Even though Komen’s founder, Nancy Brinker, is Jewish and a Texan, and there is a local Jewish Board member, there was no effort made to learn how to make amends before an offended religious community according to its customs and manners. Jews are not a mystery in Houston. Congregation Beth Israel is celebrating 160 years in Houston, and is the oldest synagogue in Texas. Our interfaith and community-building relations are a strong part of our legacy in Houston, the most diverse and culturally respectful community in the country.

                Susan G. Komen Houston’s vague and anonymous apology doesn’t measure up to the standard of any faith tradition’s path to forgiveness. In 2012, after the fiasco with a Komen national board member who withheld funding for Planned Parenthood and women’s health, a former supporter of Komen told a reporter, “You only have so much time, effort and money to give.” Indeed.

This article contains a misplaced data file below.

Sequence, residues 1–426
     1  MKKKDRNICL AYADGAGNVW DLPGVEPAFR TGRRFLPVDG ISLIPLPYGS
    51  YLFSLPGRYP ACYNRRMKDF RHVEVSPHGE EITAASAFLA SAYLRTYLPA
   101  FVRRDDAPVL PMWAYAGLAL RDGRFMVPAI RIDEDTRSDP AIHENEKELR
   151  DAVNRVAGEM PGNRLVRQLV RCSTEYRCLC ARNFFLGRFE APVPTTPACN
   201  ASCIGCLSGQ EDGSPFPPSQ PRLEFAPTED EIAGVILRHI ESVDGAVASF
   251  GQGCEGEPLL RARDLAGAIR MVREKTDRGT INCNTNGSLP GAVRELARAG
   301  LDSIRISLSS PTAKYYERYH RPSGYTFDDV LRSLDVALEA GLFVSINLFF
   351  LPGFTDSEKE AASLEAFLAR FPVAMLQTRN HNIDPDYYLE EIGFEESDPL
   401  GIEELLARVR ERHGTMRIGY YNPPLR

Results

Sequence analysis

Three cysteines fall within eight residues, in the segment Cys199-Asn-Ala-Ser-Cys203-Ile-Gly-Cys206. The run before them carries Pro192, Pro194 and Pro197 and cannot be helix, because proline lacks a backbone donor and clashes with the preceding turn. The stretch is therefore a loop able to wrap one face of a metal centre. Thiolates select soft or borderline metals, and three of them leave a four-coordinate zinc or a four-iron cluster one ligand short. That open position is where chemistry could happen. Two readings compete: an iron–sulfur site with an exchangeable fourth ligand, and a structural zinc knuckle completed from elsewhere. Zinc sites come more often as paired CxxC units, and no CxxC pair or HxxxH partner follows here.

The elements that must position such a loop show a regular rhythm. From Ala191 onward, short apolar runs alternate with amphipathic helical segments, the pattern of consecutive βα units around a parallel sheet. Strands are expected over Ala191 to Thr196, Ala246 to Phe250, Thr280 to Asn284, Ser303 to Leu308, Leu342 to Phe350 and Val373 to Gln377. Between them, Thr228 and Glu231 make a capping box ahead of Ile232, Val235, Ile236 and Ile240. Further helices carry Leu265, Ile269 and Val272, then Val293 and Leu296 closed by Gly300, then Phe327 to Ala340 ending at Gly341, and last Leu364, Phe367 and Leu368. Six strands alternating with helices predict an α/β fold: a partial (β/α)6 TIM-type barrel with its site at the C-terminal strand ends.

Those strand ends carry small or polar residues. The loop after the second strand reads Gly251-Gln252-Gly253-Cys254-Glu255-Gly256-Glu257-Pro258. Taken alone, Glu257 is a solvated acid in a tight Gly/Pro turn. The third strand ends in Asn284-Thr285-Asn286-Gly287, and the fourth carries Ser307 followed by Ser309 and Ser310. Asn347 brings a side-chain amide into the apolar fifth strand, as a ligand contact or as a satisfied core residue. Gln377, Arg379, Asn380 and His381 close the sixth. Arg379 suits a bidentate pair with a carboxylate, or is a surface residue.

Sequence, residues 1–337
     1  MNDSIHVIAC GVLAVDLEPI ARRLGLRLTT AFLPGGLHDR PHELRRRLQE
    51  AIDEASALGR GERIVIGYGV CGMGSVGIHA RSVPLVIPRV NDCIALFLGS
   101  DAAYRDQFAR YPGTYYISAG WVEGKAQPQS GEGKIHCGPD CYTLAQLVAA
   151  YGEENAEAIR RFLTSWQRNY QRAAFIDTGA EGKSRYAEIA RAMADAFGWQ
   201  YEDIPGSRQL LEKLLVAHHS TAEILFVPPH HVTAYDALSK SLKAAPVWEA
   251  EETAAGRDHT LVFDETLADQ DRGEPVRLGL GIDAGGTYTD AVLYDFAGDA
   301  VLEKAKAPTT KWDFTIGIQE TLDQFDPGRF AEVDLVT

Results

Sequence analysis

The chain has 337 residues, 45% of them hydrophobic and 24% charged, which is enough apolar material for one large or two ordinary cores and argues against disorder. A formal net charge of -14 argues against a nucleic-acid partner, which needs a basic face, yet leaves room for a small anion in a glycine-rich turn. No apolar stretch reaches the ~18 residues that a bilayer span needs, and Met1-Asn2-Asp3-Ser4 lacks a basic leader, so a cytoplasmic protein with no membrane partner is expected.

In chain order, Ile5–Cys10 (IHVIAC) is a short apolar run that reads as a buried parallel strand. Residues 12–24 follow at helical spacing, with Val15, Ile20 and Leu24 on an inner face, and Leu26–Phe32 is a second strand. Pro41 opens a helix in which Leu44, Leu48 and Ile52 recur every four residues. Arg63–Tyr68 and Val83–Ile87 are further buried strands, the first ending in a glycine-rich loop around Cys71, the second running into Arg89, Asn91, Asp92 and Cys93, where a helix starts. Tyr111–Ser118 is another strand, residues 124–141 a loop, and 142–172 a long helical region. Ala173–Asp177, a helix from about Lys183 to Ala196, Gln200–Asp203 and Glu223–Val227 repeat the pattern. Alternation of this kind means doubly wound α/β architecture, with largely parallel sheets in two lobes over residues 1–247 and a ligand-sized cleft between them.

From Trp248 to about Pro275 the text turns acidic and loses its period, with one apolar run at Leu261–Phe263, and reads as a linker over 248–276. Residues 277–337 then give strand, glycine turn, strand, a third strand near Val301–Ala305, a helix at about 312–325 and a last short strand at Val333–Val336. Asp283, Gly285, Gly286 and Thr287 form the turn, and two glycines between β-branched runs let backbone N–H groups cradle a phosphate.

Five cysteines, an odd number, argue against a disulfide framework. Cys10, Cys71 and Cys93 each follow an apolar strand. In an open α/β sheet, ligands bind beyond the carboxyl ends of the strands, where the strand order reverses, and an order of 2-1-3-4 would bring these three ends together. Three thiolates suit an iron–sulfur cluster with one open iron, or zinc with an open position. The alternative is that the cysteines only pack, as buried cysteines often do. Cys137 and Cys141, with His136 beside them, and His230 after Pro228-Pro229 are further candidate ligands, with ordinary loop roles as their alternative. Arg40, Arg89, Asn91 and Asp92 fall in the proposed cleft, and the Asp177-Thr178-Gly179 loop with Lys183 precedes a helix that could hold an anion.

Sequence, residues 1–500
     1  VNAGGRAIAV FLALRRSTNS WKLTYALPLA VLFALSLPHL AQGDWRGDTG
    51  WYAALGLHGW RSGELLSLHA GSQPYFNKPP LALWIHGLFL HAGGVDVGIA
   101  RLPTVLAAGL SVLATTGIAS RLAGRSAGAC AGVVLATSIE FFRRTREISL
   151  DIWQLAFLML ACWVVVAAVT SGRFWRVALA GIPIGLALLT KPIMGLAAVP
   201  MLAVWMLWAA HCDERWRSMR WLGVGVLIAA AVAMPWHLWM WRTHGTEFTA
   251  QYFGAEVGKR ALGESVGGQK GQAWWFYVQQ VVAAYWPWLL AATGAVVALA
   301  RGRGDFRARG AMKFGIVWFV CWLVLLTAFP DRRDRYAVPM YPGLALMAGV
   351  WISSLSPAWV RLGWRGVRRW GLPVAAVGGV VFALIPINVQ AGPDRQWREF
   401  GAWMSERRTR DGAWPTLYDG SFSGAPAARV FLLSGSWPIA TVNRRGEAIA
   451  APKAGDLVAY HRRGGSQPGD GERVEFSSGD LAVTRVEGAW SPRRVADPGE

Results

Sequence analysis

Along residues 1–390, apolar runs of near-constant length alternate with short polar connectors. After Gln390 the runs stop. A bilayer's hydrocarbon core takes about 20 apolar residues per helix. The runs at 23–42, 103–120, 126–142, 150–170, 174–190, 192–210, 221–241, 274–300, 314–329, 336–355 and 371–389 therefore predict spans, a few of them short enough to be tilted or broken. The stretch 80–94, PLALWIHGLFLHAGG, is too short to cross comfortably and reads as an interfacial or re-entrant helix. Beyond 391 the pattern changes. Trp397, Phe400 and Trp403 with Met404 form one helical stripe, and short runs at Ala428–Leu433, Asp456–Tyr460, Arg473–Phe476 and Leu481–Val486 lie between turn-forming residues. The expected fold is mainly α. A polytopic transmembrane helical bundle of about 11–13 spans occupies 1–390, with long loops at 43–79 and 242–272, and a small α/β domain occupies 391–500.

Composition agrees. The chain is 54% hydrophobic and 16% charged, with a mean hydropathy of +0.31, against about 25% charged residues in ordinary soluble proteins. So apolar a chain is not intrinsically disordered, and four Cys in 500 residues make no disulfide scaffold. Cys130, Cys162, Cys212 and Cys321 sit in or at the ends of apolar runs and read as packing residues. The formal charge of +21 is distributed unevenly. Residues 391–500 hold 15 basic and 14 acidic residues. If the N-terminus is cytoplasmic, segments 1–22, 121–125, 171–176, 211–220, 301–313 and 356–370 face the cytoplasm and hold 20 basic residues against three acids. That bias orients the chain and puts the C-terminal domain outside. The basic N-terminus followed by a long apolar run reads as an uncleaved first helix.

Let me conclude with my own brief note to Komen. Dear Susan G. Komen® Houston: My wife, Lisa, and I, are terribly sorry for being unable to support Komen any longer. We have learned that there is just so much time, effort and money to give. We’ve found other organizations that accept greater personal responsibility to honor the health of all women and their respective faith traditions, which bind them to serious deeds and not just vague intentions to make a difference in the world when it really matters, today.